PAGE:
It happens to the best of us. We resolve to make some change in our life and, for the first month or two, it goes great. We see real progress in the area we want to change.
And then it happens. We give into temptation and make a mistake – sometimes a big one. We devour half of a Sara Lee pound cake after two weeks of careful dieting on raw foods. We blow $150 on clothes after a month and a half of careful spending control.
And we feel horrible about it later. We feel some guilt. We feel some shame. We begin to doubt that we can ever do this. And we eventually revert back to our original behaviors.
I found myself doing this recently while writing my second book. During much of the summer, I was taking long walks five days a week (by long, I mean 4-5 miles) and I felt incredibly good. But as the deadline for my book approached, I found myself skipping these sessions simply because I was so focused on writing. Then, when I’d realize that it was too late to go on a walk that day, I would be upset and frustrated with myself. Eventually, though, I began to simply discard my old routine, replacing it with long evenings of writing.
It’s happened to me many other times as well. I’ve backslid on spending promises, on musical practice pledges, and so on.
Why do we all do this? This is obviously a common human thing – one only needs to read a newspaper a month or so after New Year’s to read about tons of backsliding. What causes us to stumble back against our best intentions?
To put it simply, it’s all about the planning. When we stumble, it’s a clear indication that our plan for success had a fatal flaw in it.
What kind of flaw? In my own experience, I’ve found four different types, each with four different ways to correct it.
Poor time management. In the case of my exercise routine, my own time management was to blame. Instead of planning ahead to make plenty of time to finish my manuscript, I indulged in a lot of fun activities in the late summer that ate up several days. The result of this is that in September and October, I was pressed not only to keep my normal work activities going, but to also finish and polish up a full book manuscript. This caused me to have to make some tough choices and discard a lot of “important but not urgent” things – like my long walks.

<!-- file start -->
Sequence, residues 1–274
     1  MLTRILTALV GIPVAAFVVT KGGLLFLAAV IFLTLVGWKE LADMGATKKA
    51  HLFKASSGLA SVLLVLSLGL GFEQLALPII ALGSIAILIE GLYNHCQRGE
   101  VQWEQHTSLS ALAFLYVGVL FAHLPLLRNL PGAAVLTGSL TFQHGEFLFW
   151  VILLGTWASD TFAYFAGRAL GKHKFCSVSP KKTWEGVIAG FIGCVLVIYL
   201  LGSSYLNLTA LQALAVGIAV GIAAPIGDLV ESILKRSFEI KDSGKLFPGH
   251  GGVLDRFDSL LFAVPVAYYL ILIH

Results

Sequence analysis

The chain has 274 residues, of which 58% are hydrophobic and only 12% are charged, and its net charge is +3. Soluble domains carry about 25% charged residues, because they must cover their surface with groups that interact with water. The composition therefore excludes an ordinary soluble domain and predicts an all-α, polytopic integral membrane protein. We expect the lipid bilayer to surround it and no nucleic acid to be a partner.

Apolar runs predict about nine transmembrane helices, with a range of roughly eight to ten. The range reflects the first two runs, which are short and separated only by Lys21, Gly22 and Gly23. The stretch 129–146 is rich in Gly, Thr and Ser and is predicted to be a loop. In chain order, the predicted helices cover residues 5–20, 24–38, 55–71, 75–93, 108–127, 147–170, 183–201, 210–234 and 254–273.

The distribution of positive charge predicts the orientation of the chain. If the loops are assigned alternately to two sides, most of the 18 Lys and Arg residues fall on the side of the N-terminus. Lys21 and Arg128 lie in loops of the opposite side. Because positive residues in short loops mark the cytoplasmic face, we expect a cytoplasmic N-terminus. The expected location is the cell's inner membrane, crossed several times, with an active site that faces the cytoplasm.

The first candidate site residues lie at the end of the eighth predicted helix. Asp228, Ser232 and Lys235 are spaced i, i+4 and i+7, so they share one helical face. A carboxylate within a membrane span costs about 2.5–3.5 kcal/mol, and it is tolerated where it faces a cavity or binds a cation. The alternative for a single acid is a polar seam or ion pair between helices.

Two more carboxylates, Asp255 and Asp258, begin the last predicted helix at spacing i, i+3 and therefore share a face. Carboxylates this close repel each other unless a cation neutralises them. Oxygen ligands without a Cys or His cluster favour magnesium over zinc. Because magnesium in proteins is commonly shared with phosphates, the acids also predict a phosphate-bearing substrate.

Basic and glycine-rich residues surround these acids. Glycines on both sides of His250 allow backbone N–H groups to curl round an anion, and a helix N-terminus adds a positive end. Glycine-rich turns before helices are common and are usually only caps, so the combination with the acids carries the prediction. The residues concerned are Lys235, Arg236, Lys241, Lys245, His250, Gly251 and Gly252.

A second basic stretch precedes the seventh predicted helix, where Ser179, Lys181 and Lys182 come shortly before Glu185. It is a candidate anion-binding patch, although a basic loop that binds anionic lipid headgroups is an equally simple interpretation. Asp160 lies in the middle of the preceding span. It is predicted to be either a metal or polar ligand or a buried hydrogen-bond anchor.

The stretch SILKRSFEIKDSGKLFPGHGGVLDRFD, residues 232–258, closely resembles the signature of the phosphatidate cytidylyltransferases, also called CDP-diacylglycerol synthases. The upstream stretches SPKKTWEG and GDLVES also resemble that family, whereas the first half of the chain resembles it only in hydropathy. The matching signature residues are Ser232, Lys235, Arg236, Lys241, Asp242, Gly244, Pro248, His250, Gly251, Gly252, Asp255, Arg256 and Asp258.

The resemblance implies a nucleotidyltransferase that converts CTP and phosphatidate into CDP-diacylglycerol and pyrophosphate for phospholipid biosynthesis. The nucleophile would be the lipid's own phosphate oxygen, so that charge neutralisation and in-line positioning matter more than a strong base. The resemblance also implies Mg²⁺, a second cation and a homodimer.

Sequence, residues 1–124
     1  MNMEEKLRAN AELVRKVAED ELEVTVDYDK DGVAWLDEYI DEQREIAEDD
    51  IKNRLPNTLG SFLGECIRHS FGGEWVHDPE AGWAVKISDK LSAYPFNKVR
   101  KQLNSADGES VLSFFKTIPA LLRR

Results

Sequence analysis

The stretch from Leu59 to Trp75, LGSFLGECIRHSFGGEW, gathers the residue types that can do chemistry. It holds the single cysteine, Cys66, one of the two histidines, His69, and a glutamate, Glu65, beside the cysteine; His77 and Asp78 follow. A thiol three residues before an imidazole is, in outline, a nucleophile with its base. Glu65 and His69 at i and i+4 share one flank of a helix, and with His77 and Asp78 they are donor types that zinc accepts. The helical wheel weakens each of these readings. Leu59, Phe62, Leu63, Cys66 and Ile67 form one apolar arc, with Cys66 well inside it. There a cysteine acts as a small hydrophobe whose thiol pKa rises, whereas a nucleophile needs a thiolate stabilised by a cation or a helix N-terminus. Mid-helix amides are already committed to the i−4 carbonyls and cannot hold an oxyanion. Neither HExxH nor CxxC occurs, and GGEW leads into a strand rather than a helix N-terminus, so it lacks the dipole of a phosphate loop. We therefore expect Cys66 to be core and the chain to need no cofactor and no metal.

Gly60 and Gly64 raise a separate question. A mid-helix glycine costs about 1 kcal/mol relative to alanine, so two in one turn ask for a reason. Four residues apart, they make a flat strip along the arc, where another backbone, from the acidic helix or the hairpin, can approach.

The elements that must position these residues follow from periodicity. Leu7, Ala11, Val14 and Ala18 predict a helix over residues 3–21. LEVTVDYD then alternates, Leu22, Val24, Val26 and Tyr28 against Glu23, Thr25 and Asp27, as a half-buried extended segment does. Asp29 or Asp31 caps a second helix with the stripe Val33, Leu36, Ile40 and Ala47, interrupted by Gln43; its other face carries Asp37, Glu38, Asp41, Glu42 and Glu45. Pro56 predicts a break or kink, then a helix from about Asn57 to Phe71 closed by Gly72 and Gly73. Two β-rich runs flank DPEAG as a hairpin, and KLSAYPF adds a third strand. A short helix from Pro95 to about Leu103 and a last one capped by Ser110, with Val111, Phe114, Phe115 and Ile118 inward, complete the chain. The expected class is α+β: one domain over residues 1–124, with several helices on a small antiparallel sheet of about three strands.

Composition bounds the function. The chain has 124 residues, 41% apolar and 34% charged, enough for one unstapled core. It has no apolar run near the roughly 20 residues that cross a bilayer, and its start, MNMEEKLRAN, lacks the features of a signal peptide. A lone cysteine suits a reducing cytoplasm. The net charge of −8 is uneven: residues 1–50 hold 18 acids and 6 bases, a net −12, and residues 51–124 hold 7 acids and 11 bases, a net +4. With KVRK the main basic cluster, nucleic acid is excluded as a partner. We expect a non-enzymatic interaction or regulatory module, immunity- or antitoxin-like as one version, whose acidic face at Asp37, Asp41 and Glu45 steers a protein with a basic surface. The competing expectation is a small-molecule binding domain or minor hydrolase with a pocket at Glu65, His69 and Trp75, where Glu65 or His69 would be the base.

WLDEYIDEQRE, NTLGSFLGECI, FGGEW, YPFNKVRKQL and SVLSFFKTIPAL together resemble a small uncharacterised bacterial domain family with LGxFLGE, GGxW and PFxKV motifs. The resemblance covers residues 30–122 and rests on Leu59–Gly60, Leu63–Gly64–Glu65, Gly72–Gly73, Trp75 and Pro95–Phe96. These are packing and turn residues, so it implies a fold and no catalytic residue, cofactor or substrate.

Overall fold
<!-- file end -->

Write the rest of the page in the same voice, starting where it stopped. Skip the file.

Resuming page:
The solution? If your commitment requires you to put aside a significant amount of time regularly, work harder at your other tasks on a consistent basis so that you have a “buffer” to help you in the event of a crisis. Get ahead on your projects at work. Take care of household tasks as they come along instead of allowing them to build up into a wall of work.
Temptations. Eating five slices of pizza after dietiing all week is giving into temptation. Buying a $300 pair of shoes after being careful with your money all month is giving into temptation.
We’re all tempted by things. Quite often, our resolutions are a recognition that such temptations are bad for us in the long run, but we desire these things all the same.
The solution? I’ve found two that work. First, an allowance of splurging often helps keep our better behavior in check. Allow yourself $25 a week to splurge with. Put that $25 in cash in a jar on top of the fridge. Then, when you’re truly tempted, take down that jar and freely spend it with no guilt. This trick often “releases” the pent-up desires that we build up without destroying all of our positive work. A similar trick is to allow yourself one saucer-sized plate of whatever food you desire twice a week or so.
Second, supportive friends that are involved with and aware of your goals will often help make it easier. Perhaps they’ll diet or exercise with you, or at the very least won’t tempt you to go shopping and spend money.
False commitment. We commit to some sort of change, but on some level, we’re not really committed to it – and we know it. We pledge to give up eating fatty foods, but we don’t really want to do it at all. Often, we’re just trying to commit to something because we know other people value it, not because we value it.
The solution? Such a commitment will never work over the long haul. You need to spend some time rethinking why you are committing to this goal. Often, such goals are conceived and attempted out of a desire to fix an interpersonal relationship of some kind, often one that’s suffering due to reasons completely unrelated to the goal. Focus on fixing the relationship, not on “fixing” some element of yourself that you’re not committed to fixing. Try communicating in a healthy and mature way – and if that’s impossible, it may be time to step back from that relationship.
Self-destructiveness. You have a self-destructive element that undermines whatever you attempt to do to improve yourself. This can often be borne out of low self-esteem.
The solution? If you find yourself doing this, it’s likely that you need counseling of some sort. Discuss the situation with your medical doctor and ask for a referral to a trained mental health professional that can adequately help you overcome such urges.
Let’s not pull any punches about it: big, life changing goals are hard. They become even harder if you aren’t surrounded by people who support you and want you to succeed and if your desire and commitment toward the goal is not complete.
It’s important to remember that a stumble is not a failure. It’s a wake-up call to regroup, replan, and succeed.